Kanlaon eruption increases soil acidity

Dave Sanson, SRA Board Member representing the planters, is among those directed by Azcona to help monitor affected areas and coordinate with sugar farmers.

By Dolly Yasa

BACOLOD CITY – The Sugar Regulatory Administration (SRA) reported that volcanic ash from Kanlaon Volcano’s eruption Monday night has raised the acidity levels in sugar cane leaves and soil in affected areas.

The pH level, which measures acidity, showed a 4.14 pH in sugar cane leaves and 5.06 pH in the soil the morning after the ash fall. These results indicate increased acidity compared to the 6.48 pH level of the soil tested last week, according to SRA Administrator Pablo Luis Azcona in a press statement Wednesday.

“A pH level of 7 is neutral, but years of tilling sugar fields have affected our soil. The 6.48 pH result last week was ideal. With the current results after the ash fall, if the acidity is not washed out by rain, we will need long-term soil rejuvenation to restore the ideal state,” Azcona said.

He added that it is too early to determine the extent of damage to crops since it has been raining in the affected areas, which may dilute the acidity.

A report from the SRA’s Research and Development arm, which conducted testing at the La Granja Research Station in La Carlota on Tuesday, said that volcanic ash can cause physical damage to leaves, reducing their photosynthesis capability, and biological and chemical disruptions to the soil, potentially leading to reduced yield.

Long-term effects on sugar crops could include nutrient imbalance, soil compaction and erosion, and chemical leaching, which may further lower soil pH levels.

The SRA team was accompanied by researchers from the Japan International Research Center for Agricultural Sciences (JIRCAS), who are in town for long-term research cooperation and to collect ash samples.

About 23,000 hectares in four sugar mill districts may have been affected by the eruption.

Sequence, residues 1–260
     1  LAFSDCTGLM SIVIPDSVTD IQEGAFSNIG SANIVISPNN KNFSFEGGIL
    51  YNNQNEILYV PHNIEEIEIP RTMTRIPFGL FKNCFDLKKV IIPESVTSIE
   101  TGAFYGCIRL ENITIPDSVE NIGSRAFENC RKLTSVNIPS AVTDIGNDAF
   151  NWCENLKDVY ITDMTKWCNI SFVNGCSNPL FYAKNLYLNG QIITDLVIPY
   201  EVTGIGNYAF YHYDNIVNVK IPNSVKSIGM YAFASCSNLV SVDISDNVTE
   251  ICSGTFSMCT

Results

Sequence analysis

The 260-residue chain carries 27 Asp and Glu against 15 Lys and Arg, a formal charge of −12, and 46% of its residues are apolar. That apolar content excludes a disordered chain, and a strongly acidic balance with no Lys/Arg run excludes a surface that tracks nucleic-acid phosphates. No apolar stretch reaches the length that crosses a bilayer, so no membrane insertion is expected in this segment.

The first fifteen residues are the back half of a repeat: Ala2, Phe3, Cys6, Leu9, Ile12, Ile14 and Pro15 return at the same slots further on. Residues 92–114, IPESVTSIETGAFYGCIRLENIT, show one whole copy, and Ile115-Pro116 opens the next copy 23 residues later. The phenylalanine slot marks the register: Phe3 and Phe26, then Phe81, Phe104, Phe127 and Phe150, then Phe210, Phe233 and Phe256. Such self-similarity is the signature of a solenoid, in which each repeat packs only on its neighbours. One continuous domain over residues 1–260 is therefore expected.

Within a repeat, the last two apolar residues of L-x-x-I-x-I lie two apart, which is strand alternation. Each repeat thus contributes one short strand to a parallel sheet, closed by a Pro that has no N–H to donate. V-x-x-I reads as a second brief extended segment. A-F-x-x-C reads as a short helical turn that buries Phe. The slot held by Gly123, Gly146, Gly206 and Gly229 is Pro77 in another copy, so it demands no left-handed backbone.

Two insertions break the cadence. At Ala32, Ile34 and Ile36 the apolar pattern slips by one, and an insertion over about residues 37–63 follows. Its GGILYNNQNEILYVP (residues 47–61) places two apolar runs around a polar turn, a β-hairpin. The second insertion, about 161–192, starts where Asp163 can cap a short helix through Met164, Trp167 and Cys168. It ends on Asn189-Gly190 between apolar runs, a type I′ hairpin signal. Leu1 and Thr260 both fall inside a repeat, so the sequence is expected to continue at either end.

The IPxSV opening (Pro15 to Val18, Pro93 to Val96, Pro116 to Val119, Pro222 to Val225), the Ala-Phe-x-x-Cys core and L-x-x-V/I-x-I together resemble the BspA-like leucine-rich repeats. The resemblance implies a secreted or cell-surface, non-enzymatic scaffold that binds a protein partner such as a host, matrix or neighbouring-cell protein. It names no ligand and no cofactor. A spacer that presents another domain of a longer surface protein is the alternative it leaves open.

Azcona said the SRA will continue monitoring pH recovery and necessary actions, assigning field personnel, including SRA Board Member David Sanson, to visit affected areas and coordinate with farmers.

The research team noted that volcanic eruptions can significantly impact agricultural productivity, as seen with the 1991 eruption of Mt. Pinatubo and the 2010 eruption of Eyjafjallajökull in Iceland, which disrupted sugarcane farming in parts of Europe.

Mitigation measures recommended if ash fall continues include using cover crops, washing plants and soil with irrigation, and applying lime or organic matter to neutralize soil pH changes caused by the ash fall.

In the long run, volcanic ash can benefit sugar farmers by enriching soil with minerals and nutrients such as potassium, phosphorus, and trace elements, enhancing soil fertility and improving crop yields.

The fine particles in volcanic ash can also improve soil texture and water retention, aiding root growth and reducing the need for frequent irrigation.

Additionally, volcanic ash can act as a natural pesticide, creating a physical barrier that deters pests and disrupts their life cycles, reducing the need for chemical interventions.

Meanwhile, the SRA will assist the Department of Environment and Natural Resources (DENR) in ambient air monitoring in affected areas.

In a letter to the SRA, DENR Assistant Division Chief Cliff Jefferson Escobar mentioned that they have equipment to monitor particulate matter in ambient air at two stations in La Carlota City and La Castellana.

They requested the SRA’s help to monitor the ambient air in Bacolod, where sulfur odors were detected on the night of the eruption.

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